PE groups to acquire Scout24 in $6.4bn deal


Financier Worldwide Magazine

April 2019 Issue

Private equity firms Hellman & Friedman and Blackstone have agreed to acquire German digital marketplace company Scout24 in deal worth $6.4bn, including debt.

The deal, which will be the largest ever buyout of a German company by the private equity industry, is subject to a minimum acceptance threshold of 50 percent plus one share, as well as customary closing conditions and merger control review. The acquisition of Scout24 is being made through holding company Pulver Bidco, which is jointly controlled by funds advised by Hellman & Friedman and affiliates of Blackstone, and is expected to close in late May.

Scout24 accepted a revised €46 a share offer from the two US private equity firms after rejecting a €43.50 per share offer in January. The revised offer represents a 27.4 percent premium to the unaffected share price of €36.10 on 13 December 2018 and a 24.4 percent premium to the company’s unaffected three month volume weighted average share price of €37. The offer values Munich-based Scout24 at almost 18 times 2019 earnings before interest, taxes, depreciation and amortisation (EBITDA).

“We believe this is an attractive offer with a substantial premium, high transaction certainty and a strategic value-add for the company,” said Hans-Holger Albrecht, chairman of Scout24.

“Hellman & Friedman and Blackstone are known to Scout24 as trusted and long-term partners given their prior ownership and familiarity with the company,” said Tobias Hartmann, chief executive of Scout24. “The terms of the offer represent an attractive opportunity for a highly strategic partnership that recognises the quality of the Scout24 platform, its employees, customers and partners. I am delighted about our joint long-term vision and ambition to turn Scout24 into a leading European digital player.”

Scout24 was previously owned by Hellman & Friedman, which acquired a controlling stake from Deutsche Telekom in 2013 for €1.5bn before listing the business in 2015, valuing it at €3.2bn. KKR sold a 50 percent stake in the business to private insurance group Swiss Mobiliar in 2016.

Hellman & Friedman and Blackstone are believed to have defeated rival PE firms including EQT Partners, Silver Lake and KKR & Co to secure Scout24. The firms decided to pursue a deal for Scout24 after the company’s stock price collapsed last year in the wake of a government proposal to alter the economics of the real estate market. Under new proposals, vendors will likely having to pay estate agents’ fees instead of transferring them to buyers.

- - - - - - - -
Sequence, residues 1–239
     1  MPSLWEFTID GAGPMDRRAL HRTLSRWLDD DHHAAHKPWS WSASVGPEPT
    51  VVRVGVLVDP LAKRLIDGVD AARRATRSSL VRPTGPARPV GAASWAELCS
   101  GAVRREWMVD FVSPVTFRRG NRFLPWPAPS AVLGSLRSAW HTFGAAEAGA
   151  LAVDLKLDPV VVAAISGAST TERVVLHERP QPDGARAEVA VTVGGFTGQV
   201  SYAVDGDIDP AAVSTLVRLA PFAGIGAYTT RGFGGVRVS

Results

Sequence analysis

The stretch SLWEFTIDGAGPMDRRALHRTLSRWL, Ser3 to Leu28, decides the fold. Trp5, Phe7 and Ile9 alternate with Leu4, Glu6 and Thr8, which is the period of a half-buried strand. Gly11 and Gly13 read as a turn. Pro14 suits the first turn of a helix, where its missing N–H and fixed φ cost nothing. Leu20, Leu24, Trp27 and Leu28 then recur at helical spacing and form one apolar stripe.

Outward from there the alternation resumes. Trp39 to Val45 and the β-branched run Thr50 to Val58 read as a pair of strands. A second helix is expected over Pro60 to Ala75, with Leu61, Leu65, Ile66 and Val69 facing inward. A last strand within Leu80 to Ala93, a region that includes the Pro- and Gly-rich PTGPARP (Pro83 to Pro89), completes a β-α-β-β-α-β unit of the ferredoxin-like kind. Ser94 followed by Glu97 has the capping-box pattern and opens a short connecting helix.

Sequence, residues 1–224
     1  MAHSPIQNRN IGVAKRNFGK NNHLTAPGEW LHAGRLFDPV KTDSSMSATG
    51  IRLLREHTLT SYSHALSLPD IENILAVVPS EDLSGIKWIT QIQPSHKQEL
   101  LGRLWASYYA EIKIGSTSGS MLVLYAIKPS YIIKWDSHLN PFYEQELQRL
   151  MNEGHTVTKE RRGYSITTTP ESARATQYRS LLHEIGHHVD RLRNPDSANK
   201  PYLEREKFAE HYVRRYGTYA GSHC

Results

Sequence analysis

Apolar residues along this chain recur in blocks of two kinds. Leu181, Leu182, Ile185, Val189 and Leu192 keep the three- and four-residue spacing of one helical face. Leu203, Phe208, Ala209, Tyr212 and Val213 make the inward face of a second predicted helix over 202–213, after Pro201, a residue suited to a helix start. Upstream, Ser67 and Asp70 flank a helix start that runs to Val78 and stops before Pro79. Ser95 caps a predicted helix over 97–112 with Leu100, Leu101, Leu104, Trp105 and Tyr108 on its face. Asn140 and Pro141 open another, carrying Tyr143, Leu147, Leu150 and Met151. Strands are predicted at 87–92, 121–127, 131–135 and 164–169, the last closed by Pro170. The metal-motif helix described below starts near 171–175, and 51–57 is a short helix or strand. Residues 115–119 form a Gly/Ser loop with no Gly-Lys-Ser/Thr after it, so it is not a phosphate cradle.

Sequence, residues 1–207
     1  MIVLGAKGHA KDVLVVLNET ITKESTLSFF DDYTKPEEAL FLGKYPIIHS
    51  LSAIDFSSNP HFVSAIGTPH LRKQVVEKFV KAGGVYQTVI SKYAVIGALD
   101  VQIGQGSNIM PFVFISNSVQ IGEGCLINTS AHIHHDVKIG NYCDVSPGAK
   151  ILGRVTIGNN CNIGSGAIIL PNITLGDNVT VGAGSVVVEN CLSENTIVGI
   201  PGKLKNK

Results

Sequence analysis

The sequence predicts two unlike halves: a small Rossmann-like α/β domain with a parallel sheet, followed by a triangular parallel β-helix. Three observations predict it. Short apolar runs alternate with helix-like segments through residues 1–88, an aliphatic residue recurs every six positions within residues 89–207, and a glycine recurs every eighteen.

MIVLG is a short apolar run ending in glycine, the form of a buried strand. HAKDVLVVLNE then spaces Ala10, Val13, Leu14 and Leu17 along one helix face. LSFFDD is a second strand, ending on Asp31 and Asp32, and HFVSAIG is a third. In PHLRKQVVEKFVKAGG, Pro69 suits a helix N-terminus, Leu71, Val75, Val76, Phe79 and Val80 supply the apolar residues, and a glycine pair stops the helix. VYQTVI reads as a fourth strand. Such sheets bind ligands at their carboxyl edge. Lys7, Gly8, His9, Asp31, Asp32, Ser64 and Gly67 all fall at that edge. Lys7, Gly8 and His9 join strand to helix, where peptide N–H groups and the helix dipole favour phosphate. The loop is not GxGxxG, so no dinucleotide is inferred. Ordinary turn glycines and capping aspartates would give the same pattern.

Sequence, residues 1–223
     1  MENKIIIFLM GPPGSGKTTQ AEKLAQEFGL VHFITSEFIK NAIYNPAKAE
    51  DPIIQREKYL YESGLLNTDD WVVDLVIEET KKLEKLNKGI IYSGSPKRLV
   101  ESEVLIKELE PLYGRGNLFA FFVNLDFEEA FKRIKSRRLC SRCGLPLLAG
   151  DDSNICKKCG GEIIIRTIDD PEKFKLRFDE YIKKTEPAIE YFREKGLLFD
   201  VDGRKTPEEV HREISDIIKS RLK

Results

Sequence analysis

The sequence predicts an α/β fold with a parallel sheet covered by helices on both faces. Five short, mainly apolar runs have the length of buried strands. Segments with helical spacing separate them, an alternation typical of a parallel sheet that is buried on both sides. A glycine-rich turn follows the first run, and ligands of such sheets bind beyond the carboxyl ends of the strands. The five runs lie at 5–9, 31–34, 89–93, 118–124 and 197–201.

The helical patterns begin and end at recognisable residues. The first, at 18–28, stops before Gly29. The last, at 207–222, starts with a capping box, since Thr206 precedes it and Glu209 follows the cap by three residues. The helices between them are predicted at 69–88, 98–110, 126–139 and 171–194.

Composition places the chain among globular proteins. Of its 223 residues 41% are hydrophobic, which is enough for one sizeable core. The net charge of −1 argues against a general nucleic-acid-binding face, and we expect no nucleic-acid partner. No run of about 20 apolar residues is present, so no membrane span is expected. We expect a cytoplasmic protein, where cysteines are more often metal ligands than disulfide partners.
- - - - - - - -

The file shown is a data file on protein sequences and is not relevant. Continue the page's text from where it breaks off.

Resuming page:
The deal for Scout24 comes as the PE industry looks to invest some of the mountains of dry powder which have accumulated in the space. For many firms, returning to companies or industries in which they have prior knowledge and experience is a particularly attractive proposition. PE firms including CVC Capital Partners, Apollo Global Management and Bain Capital have all done so in recent months.

Latham & Watkins is advising Hellman & Friedman and Blackstone on M&A, debt and equity finance matters, with a team led by London private equity partners David Walker and Huw Thomas and Düsseldorf corporate partners Niko Paschos and Tobias Larisch. “What we’re seeing is the function of a very competitive market with funds being attracted to businesses that they already know well,” said Mr Walker. “We’re seeing more deals to take listed companies private because there are not so many large, high-quality, secondary buyout assets on the market.”

The deal is unusual for a leveraged buyout as there is very little borrowed money involved. The firms are supplying the majority of the cash and will not be buying out all of the Scout24 shareholders.

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Richard Summerfield

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